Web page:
Send to

Choose Destination
See comment in PubMed Commons below
Saudi Med J. 2002 Aug;23(8):969-74.

Compliance with appointments and medications in a pediatric neurology clinic at a University Hospital in Riyadh, Saudi Arabia.

Author information

  • 1Department of Family & Community Medicine, King Saud University, Riyadh, Kingdom of Saudi Arabia.



The objectives of the study are to estimate the rate of epileptic patients' compliance with appointments and medications in a pediatric neurology clinic. Also to study the factors associated with non-compliance and to determine the parents' perceived reasons for non-compliance with appointments.


It is a prospective study in which 147 epileptic children who attended the neurology clinic during the first 12-months of the study period were included. Patients were recruited into the study after their parents were interviewed using a detailed questionnaire; their compliance with appointments was monitored prospectively over at least a one year from their recruitment into the study. The parents of the other 70 patients who did not attend the clinic were telephoned. Only 32 replied and were asked about the reasons for non-attendance to the clinic.


Eighty-six percent of the patients' parents stated that they were complying with the medications while only 53% of them did not miss any appointment to the clinic during the study period. Compliers with appointments were more likely to comply with their medications too. Children with grand-mal epilepsy and absence seizures were found to be more likely to comply with taking medications than patients with febrile, rolandic and myoclonic seizures (P=0.01). Health belief model factors associated with non-compliance were 1. Children encountering side effects from their medications 2. Parents who were not satisfied with the provided services 3. Parents who thought that alternative medicine is more effective than traditional medicine 4. Parents who think that their children are not susceptible. Patients' perceived main reasons for non-compliance were wrongly registered appointments (27.5%), forgetfulness (22.5%) and busy parents.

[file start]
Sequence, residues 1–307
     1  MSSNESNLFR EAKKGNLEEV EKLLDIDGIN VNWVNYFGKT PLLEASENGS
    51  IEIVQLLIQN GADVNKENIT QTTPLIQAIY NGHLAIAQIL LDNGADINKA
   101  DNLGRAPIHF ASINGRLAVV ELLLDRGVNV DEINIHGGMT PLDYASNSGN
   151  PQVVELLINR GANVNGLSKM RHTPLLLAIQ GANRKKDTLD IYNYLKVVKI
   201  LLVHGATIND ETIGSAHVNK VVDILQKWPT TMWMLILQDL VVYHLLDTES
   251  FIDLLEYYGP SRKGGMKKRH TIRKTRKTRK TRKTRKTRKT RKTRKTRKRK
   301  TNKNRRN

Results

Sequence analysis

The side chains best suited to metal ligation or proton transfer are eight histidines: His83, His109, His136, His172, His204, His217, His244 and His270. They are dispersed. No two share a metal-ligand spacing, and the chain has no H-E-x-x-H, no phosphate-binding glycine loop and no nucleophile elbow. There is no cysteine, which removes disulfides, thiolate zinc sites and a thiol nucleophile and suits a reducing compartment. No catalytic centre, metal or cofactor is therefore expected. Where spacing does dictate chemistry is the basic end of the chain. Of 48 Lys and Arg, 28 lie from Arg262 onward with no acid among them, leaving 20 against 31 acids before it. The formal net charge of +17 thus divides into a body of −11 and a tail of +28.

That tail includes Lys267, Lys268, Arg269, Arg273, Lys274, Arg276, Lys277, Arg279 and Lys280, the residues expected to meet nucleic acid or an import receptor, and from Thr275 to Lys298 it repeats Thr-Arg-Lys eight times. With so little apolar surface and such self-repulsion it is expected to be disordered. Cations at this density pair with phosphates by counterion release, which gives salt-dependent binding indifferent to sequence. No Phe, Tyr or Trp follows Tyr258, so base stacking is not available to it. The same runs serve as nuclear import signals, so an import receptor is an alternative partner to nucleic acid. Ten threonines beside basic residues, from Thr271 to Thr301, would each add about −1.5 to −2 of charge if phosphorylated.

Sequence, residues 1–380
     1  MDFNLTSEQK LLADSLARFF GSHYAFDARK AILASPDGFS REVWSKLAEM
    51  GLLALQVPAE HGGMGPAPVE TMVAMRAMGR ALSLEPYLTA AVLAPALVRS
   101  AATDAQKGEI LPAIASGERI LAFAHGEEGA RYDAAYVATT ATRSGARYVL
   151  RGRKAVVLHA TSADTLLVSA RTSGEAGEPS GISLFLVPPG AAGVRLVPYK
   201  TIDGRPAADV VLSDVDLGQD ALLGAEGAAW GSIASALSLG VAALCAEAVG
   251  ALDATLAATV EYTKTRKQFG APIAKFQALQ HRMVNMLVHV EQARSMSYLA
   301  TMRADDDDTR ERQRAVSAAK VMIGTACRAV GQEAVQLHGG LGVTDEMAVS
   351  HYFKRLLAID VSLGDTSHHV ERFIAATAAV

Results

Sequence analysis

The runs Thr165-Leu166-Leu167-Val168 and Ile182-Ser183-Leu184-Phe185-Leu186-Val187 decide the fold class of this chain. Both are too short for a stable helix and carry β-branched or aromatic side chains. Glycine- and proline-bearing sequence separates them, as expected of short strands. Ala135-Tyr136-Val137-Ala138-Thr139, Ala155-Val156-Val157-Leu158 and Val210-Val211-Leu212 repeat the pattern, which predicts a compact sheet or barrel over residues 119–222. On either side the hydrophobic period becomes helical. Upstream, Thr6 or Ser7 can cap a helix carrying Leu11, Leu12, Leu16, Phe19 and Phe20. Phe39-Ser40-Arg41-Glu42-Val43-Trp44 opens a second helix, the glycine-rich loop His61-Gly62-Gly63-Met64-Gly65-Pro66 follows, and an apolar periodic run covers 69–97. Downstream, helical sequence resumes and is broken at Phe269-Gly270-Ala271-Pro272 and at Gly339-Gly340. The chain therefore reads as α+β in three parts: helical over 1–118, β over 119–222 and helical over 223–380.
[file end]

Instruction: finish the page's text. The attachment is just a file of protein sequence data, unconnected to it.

Failure to keep the clinic appointment is an indicator of poor compliance with medications. A telephone call is recommended to reduce the role of clinic non-compliance. Developing a questionnaire form to investigate parents health belief model could be used routinely by social workers and then health education could be tailored for each patient and parent.

[PubMed - indexed for MEDLINE]
PubMed Commons home

PubMed Commons

How to join PubMed Commons

    Supplemental Content

    Loading ...
    Support Center